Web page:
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An Israeli tank that killed a Reuters journalist and wounded six others in Lebanon last year fired two 120mm rounds at a group of “clearly identifiable journalists” in violation of international law, a UN investigation has found.

The investigation by the United Nations Interim Force in Lebanon (Unifil), seen by Reuters, said its personnel did not record any exchange of fire across the border between Israel and Lebanon for more than 40 minutes before the tank opened fire, killing Issam Abdallah, a 37-year-old video journalist.

The UN report said the “reason for the strikes on the journalists is not known.” Reuters’ editor-in-chief, Alessandra Galloni, has called on Israel to explain how the attack could have happened and to hold to account those responsible.

Meanwhile, an aid ship from Cyprus arriving on Gaza’s shores on Thursday is “a drop in the ocean” of what is needed to address the acute crisis in the territory, an International Rescue Committee official said.

Israeli tank ‘likely’ fired machine gun at journalists after deadly shelling – video report

  • How many people documenting the conflict have been killed since 7 October? At least 95 journalists and media workers have been killed, according to the Committee to Protect Journalists, which called the deaths a “severe toll” and urged that journalists “must not be targeted by warring parties”.

  • What is the humanitarian toll of the conflict so far? After the Hamas attack on Israel in which about 1,200 people were killed and 200 taken hostage, the Israeli assault on Gaza has killed 31,341 people and wounded 73,134, Gaza health officials say.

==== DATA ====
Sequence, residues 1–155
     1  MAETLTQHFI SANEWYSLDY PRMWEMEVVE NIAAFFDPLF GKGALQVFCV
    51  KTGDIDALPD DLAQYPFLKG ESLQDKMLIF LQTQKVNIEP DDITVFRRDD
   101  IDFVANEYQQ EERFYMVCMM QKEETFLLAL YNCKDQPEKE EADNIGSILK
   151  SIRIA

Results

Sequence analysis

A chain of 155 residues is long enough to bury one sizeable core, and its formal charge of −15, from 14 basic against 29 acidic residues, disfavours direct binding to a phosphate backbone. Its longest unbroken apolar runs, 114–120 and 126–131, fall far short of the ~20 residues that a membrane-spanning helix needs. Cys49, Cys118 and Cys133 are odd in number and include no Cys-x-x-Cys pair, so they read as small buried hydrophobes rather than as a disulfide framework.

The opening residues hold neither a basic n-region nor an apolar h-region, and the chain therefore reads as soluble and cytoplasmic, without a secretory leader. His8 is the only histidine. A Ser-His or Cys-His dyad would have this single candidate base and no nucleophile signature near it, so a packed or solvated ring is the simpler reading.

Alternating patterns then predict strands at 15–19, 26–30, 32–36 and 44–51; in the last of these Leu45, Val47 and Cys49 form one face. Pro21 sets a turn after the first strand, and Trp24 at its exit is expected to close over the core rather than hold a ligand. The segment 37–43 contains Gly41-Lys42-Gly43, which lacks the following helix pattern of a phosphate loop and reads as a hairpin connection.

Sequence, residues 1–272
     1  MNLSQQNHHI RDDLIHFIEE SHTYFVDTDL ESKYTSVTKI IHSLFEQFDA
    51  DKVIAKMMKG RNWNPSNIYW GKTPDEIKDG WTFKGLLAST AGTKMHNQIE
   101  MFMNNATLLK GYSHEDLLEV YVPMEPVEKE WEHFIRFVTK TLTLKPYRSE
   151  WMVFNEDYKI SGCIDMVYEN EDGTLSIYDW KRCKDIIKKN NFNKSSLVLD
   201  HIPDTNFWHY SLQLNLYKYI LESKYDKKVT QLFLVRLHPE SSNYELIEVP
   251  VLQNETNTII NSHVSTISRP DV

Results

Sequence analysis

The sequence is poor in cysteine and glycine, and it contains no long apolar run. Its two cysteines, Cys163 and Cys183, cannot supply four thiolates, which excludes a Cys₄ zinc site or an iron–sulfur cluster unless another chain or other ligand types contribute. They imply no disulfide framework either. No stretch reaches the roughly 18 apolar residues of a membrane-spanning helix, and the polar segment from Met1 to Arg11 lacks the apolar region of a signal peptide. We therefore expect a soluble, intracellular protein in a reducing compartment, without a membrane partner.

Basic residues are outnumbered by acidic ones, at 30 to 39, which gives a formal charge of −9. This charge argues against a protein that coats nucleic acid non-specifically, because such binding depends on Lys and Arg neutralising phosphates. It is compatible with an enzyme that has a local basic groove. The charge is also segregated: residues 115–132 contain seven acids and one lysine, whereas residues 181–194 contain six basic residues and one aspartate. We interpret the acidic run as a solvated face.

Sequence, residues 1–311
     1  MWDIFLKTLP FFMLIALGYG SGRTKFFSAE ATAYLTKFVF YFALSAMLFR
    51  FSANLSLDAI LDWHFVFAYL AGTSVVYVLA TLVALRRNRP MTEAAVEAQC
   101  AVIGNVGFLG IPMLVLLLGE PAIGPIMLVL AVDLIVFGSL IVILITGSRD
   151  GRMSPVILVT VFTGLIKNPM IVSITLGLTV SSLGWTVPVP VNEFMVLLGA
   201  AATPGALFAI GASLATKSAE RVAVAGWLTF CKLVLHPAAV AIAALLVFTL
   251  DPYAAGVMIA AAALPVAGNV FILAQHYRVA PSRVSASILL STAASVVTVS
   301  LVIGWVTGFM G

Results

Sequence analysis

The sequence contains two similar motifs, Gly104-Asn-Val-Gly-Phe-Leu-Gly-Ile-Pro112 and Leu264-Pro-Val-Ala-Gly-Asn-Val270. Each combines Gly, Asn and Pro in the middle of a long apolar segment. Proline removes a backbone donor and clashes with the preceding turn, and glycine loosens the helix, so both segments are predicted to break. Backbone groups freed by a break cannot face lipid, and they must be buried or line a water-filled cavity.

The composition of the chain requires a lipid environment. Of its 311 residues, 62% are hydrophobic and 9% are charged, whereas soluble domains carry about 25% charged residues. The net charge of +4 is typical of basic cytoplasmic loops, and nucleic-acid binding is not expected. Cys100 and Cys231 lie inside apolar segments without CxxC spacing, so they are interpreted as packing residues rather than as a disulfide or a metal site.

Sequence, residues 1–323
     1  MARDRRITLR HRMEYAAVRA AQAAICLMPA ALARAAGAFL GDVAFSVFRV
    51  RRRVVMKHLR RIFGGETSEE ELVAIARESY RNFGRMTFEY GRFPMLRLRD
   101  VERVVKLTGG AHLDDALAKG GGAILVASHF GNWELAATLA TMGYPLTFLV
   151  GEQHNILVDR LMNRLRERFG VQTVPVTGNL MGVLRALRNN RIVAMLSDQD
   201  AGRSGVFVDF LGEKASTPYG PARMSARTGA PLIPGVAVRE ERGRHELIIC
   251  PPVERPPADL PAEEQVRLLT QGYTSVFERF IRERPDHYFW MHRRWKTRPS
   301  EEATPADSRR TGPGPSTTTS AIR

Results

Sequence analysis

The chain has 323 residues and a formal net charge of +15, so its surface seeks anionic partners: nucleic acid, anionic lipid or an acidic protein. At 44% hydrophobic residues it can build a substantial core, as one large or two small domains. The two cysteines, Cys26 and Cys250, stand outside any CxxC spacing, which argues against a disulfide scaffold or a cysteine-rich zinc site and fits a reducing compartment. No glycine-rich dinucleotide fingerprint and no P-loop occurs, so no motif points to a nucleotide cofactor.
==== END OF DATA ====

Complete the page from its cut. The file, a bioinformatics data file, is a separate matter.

House votes to force TikTok owner ByteDance to divest or face US ban

The House of Representatives overwhelmingly passed a bill giving TikTok’s Chinese owner ByteDance about six months to divest the US asset. Photograph: Mike Blake/Reuters

The House of Representatives passed a bill on Wednesday requiring the TikTok owner ByteDance to sell the social media platform or face a total ban in the US.

The bill gives China-based ByteDance 165 days to divest from TikTok. If it does not, app stores, including the Apple App store and Google Play, will be legally barred from hosting TikTok or providing web hosting services to ByteDance-controlled applications.

The vote is the most concrete threat to TikTok in a political battle over allegations the China-based company could collect sensitive user data and politically censor content. TikTok has repeatedly said it has not and would not share US user data with the Chinese government.